- MMA REMEMBERS CHARLES “MASK” LEWIS

March 17, 2009
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by MMAWeekly.com Staff
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Tapout
founder Charles "Mask" Lewis died in a car crash on March 10, 2009,
in Newport Beach, Calif. He was 45 years old.
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Mask
– along with friends Dan "Punkass" Caldwell and Skyskrape

– was the driving force behind the popular mixed martial arts clothing
company. Tapout began with an inventory of t-shirts sold out of the trunk of a
car. Under his guidance, the company steadily grew from $29,000 in sales in
1999 to $25 million by 2007 to a projected $100 million in 2008, according to
The Press-Enterprise.

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Mask
leaves a long legacy of building one of the most successful companies in the
sport, but more importantly, he leaves behind memories of a man that had a deep
passion not only for MMA and its athletes, but also life itself… and one of
the most infectious laughs of all time.

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In the spirit of
remembering Charles "Mask" Lewis, following are some of the comments
from people who new him… in their own words:

 

Dana White, UFC
President (via Neil Davidson of the Canadian Press):
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You couldn’t
meet a nicer guy, a more friendly, outgoing guy, a
more loyal guy. He really was a good person. He’s one of the pioneers, one of
the legends of this sport.

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This guy was
selling T-shirts out of the trunk of his car and when we first got involved
with the UFC, we met them. We really liked them. We liked their energy. They
were good people and we got together and we started doing all this grassroots
marketing together – the UFC and Tapout. They were very loyal to us and
we were very loyal to them.

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And it sucks to
see a guy who has worked so hard his whole life, to
finally make it and break through, and then have something like this happen to
him.

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Dean Lister,
Fighter and Jerry Villasenor, Lister’s Manager:
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We would like to
say that we feel lucky and are thankful for the time we knew Charles “Mask”
Lewis. We will all miss him dearly and we will more than ever proudly wear the
Tapout brand because everybody at Tapout from Charles, Punkass, Skrape, Damon
and the rest of the Tapout family have given fighters, managers, coaches, promoters
more than sponsorships. They have given us inspiration and ability to do what
we love and that is be a productive part of the MMA
world that he, Punkass and Skrape helped bring to the spotlight when the sport
was in its infant stages. Plain and simple… Tapout is MMA. Thank you Charles.
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Sven Bean, Ring of Fire Promoter: style='font-size:10.0pt;mso-bidi-font-size:12.0pt;font-family:Arial'>

I met Charles in late 1998 in California. I can tell you the energy,
drive, and passion he had back then blew me away immediately. It was
contagious. The amazing thing is that it never faltered, ever. Every single
interaction I had with him from then until now was exactly the same. It didn’t
matter what kind of day I was having, if I looked down and saw that Mask was on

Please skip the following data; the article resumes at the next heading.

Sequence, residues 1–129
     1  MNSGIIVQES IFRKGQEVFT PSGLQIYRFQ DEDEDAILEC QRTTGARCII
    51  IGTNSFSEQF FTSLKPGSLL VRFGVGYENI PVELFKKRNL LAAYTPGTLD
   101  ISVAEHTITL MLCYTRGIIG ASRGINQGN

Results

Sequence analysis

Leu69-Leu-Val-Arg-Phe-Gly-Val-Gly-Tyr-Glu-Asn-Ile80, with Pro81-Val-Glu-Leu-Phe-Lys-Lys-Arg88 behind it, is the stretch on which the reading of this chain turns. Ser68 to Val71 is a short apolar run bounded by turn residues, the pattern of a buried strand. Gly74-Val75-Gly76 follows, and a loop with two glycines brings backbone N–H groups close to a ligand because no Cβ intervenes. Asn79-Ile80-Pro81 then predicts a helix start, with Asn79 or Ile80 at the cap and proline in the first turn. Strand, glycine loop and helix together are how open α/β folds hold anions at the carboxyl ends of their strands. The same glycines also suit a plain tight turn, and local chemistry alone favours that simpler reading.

the phone, I knew my mood would be better after the call. He truly lived and
breathed this sport and his brand. He wasn’t one of those guys that are just
along for the ride. He was the ride. I am thankful to have known him, and
thankful for the great energy and happiness he brought to those around him.
Charles, You will be missed but never forgotten.
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Kenny Florian,
Fighter:

Mask, aka
Charles, was such a positive individual who inspired many, many people to live
life to the fullest and follow their dreams. He was a great example of how intelligence,
hard work, and faith will always pay off. Charles was always looking for ways
to lift people up and help anyone he could. He was the ultimate listener and
master communicator. He loved MMA and loved life. His laugh was proof of that.
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It is tough to
see people like Charles go. He was such a giving person and just wanted to see
everyone reach their potential. Charles lives on
however through the legacy and many friends he left behind and through the
brand he helped create. For those who had the pleasure of meeting or knowing
him, he helps us to realize we should all live life like he did.
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Donald
"Cowboy" Cerrone, Fighter:
 

I would first
like to start off by thanking Mask for everything he has done for me!!!

 He believed in me when no one else would. Gave me a chance. Called
me his diamond amongst the coal. He would call me in the beginning and tell me,
"Keep your head down… set your goals and (expletive) go for it. I
got you boy!" I owe everything to you Mask, so I thank you once
again!! I lost a friend, teacher, and a role model. I look up to you.
R.I.P. my friend, I’ll see you at the stairway to Heaven!! 
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T.Jay Thompson, MMA Promoter:

Charles "MASK" Lewis believed in MMA, Super Brawl, and T.Jay
Thompson before I did.  Rest in Peace, Charles.  The entire MMA world
will miss you dearly.

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Chuck Liddell,
Fighter: 

I don’t really
know what to say. I talked to him before it happened. He and I were
very close friends. He was a great guy and I’m going to miss him a lot.